The second major drama of the year was the non-abating violence and destruction in the Middle East which has been going on for several years now, and is becoming more virulent and destructive after the ultra-fundamentalist and extremely fanatic group, ISIS, ’s  subjugating of Mosul, the second largest city in Iraq, in June, after which it moved into the Northern and North-Eastern parts of the country, gaining control of huge swathes of land there in addition to those they already had under their control in Syria and started calling themselves, the Islamic State. The self-proclaimed Islamic State [IS] which was known earlier as the Islamic State of Iraq and Syria [ISIS], is a Sunni, extremist, jihadist rebel group based in Iraq and Syria, where it controls huge swathes of land in both countries, It operates also in other middle-eastern countries , but its main activities !!  are in Iraq and Syria. The group originated as an offshoot of al-Qaeda in Iraq [AQI], and continued to follow them until February 2014, when after an eight-month power struggle, al-Qaeda cut all ties with the group, citing its failure to consult and "notorious intransigence".

Al-Qaida was very active in the insurgency which followed the invasion of the country by the Americans in 2003. ISIS was also involved in the war against the Americans from its inception in 2004. Its aim was to establish an Islamic state in Sunni-majority regions of Iraq and Syria, and to fulfil that aim the group proclaimed a worldwide caliphate, Abu Bakr al-Baghdadi, its leader was named its caliph, and they changed their name , they started calling themselves, the Islamic state [IS], but their murderous and shockingly abhorrent practices, and the inhumane methods and cruelty with which they treated the people who came under their control, like the Christians and the other religious minorities,  and the innocent workers in the media organizations and humanitarian agencies who were tortured and beheaded by them , all these atrocities , and the dangers this  group posed to the world’s peace and security created a great revulsion against them , and forced the united states and others from the west to try to stop them , but their approach to its threats was the same old fashioned one, military power, which was has never been the best option to deal with the kind of conflicts the united states has been forced to deal with during since the second half of the last century. So they started to secure allies in their fight against the Islamic state, the alliance included European and some Arab states, and started sending troops [non-operational] to Iraq in the midsummer of 2014, but like what has happened under similar situations in the past things started to escalate.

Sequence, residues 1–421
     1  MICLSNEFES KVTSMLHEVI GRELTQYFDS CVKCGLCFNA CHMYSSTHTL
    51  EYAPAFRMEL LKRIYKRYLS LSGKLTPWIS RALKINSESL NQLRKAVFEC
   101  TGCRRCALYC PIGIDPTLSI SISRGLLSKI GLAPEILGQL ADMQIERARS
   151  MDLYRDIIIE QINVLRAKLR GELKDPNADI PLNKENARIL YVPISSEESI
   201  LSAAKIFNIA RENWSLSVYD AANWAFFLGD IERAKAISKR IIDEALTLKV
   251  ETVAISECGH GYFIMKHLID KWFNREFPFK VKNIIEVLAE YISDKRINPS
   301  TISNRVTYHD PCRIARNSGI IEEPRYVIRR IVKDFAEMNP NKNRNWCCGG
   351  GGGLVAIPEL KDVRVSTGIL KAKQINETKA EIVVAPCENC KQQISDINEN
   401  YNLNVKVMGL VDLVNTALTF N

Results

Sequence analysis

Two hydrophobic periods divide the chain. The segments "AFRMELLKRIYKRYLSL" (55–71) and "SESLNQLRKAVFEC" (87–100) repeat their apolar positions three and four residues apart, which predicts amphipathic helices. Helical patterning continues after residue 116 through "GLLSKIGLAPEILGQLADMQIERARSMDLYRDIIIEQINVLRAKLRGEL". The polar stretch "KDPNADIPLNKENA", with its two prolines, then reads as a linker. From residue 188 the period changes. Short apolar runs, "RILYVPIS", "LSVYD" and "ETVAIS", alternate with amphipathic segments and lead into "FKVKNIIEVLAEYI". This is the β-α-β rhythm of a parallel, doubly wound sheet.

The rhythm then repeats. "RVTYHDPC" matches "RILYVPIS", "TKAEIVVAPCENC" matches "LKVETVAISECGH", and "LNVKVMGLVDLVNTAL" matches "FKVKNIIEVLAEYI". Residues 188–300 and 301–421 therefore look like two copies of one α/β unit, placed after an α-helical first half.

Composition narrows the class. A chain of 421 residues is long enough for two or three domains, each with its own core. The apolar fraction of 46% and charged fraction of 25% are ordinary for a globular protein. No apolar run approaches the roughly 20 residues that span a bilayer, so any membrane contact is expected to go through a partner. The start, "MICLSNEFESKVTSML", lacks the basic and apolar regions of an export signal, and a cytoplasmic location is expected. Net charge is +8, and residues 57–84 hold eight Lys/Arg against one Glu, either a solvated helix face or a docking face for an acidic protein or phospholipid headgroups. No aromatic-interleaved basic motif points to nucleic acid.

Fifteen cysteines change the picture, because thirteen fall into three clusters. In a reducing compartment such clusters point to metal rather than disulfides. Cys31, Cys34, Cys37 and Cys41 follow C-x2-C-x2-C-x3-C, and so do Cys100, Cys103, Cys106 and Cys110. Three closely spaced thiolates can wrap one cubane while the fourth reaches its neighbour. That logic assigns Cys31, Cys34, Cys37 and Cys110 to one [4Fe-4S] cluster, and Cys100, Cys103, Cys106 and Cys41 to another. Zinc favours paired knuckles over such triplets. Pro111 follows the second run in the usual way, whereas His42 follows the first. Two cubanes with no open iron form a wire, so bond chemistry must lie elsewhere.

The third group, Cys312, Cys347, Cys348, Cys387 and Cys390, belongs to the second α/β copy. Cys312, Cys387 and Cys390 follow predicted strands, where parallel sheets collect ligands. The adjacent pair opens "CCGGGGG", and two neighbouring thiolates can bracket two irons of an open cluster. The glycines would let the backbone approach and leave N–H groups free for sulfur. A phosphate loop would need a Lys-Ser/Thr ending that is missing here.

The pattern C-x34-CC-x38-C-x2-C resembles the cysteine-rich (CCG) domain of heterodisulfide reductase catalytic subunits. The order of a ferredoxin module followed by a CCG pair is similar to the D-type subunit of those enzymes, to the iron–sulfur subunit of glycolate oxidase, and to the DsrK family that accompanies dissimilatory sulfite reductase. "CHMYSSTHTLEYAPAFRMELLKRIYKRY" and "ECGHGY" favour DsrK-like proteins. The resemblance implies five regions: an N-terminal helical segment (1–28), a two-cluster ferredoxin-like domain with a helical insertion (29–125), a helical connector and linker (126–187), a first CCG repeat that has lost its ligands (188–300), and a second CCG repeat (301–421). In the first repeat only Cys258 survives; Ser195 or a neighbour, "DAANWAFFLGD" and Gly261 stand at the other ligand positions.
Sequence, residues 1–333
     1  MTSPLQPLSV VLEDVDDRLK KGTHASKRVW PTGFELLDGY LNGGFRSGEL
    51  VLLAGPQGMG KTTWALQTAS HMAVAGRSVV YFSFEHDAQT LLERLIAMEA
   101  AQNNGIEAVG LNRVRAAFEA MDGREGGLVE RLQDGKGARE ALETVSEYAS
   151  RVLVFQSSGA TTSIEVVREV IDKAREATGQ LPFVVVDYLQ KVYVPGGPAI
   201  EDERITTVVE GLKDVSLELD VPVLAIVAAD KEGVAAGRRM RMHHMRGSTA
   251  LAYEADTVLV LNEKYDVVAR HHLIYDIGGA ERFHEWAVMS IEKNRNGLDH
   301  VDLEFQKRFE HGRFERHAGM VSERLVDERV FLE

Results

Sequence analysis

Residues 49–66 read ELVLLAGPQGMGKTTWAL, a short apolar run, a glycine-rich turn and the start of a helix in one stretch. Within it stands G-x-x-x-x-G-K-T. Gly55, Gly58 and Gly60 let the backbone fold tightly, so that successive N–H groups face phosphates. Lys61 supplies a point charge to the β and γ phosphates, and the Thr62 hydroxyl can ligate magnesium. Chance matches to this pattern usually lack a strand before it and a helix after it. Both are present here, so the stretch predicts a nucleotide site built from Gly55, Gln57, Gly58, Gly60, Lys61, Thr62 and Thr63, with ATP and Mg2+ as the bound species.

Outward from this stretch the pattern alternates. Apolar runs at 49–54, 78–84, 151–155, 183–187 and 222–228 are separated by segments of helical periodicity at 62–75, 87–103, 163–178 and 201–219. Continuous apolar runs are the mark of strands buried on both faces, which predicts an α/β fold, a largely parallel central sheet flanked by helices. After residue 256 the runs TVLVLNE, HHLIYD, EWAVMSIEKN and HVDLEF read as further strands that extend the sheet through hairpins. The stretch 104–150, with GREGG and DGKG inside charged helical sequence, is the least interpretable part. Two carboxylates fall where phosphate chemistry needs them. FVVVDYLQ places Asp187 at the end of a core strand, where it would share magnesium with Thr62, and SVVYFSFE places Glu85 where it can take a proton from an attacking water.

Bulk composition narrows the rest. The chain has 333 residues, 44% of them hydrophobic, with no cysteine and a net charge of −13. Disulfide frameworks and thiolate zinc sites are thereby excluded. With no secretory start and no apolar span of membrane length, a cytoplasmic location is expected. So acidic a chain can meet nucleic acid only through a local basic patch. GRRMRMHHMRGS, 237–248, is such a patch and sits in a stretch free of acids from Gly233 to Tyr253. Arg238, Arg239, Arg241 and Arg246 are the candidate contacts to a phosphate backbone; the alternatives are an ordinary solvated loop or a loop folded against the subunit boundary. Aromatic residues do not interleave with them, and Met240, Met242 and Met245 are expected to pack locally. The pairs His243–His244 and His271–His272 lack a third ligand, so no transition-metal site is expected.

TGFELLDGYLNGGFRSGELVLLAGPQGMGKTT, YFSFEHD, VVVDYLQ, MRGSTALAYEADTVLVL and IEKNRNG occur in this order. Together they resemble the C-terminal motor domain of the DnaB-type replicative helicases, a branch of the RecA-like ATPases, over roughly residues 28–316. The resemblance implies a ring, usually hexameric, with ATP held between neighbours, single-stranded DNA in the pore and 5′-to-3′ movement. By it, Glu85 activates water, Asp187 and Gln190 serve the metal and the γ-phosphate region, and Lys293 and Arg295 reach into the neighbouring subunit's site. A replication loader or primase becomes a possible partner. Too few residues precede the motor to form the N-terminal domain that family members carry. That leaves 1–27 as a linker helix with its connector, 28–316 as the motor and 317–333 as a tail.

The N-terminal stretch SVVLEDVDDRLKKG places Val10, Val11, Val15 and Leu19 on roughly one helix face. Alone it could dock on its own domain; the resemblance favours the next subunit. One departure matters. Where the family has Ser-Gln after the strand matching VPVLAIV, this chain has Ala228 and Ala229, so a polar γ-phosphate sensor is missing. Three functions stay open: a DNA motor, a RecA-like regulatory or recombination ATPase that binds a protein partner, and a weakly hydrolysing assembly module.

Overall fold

In July, president Obama announced that owing to the continuing threats by the group the United States would be elevating its security commitment in the region. Approximately 800 U.S. troops secured American installations like the Embassy in Baghdad as well as taking control of strategic locations like the Baghdad airport, a figure which would escalate to 3,000 in early November, and began a large-scale air campaign over the region starting that August, and started acquiring coalition partners to combat ISIL, the military effort subsequently expanded to protect Iraqi infrastructure and provide air cover to Iraqi troops,  but they seem to have been no more than pin pricks, the Islamic state  have made enemies across the globe and endured three months of U.S.-led air strikes, but they have surrendered little of their self-declared caliphate to the broad sweep of forces arrayed against them for a very simple reason.  The kind of war which is engulfing the whole Middle East now cannot be won by military means, which could drag the United States into another futile, costly conflict, like George Bush’s 2003 war.

Najeeb Hanoudi

Friday December 19, 2014